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Etbin Kristan papers

 Collection — Folder: 1
Identifier: IHRC2999


Collection consists of approximately 30 photocopied pages including correspondence, handwritten notes, news clippings and pamphlets pertaining to Kristan's political interests and activities. These concerned mainly the cause of the libration of Yugoslavia and the situation of the country during the Second World War. Among others, the materials contain several pieces of correspondence with Louis Adamic and Edvard Benes, and clippings featuring Kristan's meeting with Tito in 1951, as well as letters to Kristan's wife, Frances.


  • 1920-1950

Language of Materials

English, Slovene


Open for use in the Elmer L. Andersen Library reading room.


This collection may be protected by the Copyright Law of the United States (Title 17, U.S. Code). It is the user's responsibility to verify copyright ownership and to obtain all necessary permissions prior to the reproduction, publication, or other use of any portion of these materials. Researchers may quote from the collection under the fair use provision of the copyright law.

For further information regarding the copyright, please contact the IHRCA.


Etbin Kristan (1867-1953) was born in Slovenia, educated in Vienna, and served in the Austrian military. Active in the labor movement, Kristan represented Slovenia in the newly formed Yugoslav government and later served in parliament in Belgrade. Kristan was a translator, journalist, poet and novelist, and the editor of several Slovene publications in Europe and in the U.S. (the date of his immigration to the US is uncertain). He also served as president of the Slovene National Council of America. (cited from a typescript note by Karen Lewak, volunteer at the CHS, dated June 3, 2002, submitted with the donation by the Chicago Historical Society)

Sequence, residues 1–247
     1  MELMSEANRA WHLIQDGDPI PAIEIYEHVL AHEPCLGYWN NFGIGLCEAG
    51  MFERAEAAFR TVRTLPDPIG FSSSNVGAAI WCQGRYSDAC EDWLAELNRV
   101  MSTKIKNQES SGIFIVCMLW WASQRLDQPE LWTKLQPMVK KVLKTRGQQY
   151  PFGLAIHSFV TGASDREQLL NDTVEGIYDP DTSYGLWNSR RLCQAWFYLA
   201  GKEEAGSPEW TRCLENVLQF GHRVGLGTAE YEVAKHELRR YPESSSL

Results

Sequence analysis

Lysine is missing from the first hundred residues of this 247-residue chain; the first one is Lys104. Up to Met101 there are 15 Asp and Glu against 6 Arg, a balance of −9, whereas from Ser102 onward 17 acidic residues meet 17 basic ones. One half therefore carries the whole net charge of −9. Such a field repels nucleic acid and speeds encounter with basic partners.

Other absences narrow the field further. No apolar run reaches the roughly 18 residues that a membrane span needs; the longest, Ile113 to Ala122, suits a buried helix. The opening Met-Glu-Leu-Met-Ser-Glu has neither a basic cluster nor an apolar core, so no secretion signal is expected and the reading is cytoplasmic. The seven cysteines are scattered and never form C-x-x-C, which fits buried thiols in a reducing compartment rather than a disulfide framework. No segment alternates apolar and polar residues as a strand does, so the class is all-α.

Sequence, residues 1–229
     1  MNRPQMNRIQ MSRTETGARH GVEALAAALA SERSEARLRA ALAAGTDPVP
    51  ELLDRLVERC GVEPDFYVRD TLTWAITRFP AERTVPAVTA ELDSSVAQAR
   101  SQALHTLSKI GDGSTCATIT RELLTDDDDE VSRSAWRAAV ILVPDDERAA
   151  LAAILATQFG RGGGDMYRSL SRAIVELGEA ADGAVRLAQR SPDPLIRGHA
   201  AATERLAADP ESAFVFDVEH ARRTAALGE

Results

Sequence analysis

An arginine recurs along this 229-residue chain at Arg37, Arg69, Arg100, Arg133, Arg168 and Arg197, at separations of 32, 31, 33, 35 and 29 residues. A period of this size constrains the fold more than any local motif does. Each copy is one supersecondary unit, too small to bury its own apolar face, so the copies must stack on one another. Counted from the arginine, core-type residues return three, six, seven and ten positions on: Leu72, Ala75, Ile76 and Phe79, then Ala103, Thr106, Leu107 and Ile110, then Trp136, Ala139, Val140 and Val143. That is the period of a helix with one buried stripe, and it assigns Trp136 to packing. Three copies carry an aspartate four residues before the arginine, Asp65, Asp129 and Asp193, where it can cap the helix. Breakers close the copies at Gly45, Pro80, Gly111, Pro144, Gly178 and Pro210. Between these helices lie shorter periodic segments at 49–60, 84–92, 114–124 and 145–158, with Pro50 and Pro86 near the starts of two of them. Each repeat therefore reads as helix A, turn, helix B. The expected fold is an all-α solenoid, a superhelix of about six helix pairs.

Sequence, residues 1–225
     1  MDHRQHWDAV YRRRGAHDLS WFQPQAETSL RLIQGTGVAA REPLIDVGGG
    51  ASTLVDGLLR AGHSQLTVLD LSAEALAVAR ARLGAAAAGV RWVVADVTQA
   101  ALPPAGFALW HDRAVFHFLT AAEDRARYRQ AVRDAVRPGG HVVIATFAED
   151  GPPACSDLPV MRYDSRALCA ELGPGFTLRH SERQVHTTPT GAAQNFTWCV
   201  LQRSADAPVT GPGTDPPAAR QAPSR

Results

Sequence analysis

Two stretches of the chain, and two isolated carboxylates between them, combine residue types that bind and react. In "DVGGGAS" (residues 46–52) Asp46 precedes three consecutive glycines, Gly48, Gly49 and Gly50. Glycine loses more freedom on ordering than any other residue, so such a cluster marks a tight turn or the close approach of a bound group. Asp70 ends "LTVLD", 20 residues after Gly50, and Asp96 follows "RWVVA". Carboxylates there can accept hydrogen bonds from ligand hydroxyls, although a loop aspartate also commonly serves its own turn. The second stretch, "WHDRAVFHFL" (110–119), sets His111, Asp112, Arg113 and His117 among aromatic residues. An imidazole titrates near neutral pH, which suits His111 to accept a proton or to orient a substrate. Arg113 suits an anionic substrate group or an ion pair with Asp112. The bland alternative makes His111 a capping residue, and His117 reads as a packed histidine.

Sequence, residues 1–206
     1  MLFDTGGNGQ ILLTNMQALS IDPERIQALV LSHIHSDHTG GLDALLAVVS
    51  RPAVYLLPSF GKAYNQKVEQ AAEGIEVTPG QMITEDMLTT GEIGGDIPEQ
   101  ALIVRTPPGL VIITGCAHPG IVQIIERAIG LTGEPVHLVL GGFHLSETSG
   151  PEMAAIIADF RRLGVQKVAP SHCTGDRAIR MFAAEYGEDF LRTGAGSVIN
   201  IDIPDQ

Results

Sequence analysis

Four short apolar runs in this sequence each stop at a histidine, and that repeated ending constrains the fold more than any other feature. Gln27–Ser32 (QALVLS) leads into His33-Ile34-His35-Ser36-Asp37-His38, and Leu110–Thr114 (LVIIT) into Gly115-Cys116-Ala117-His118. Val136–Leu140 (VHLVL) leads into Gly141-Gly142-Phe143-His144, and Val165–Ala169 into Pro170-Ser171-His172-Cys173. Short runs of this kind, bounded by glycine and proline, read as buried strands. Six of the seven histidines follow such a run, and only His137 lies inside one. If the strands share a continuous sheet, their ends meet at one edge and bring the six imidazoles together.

1 linear inch


Collection acquired from the Chicago Historical Scoiety in June 2002 (the Society had acquired it from the Clarke Historical Library at the Central Michigan University at Mount Pleasant). Earlier provenance is unknown.
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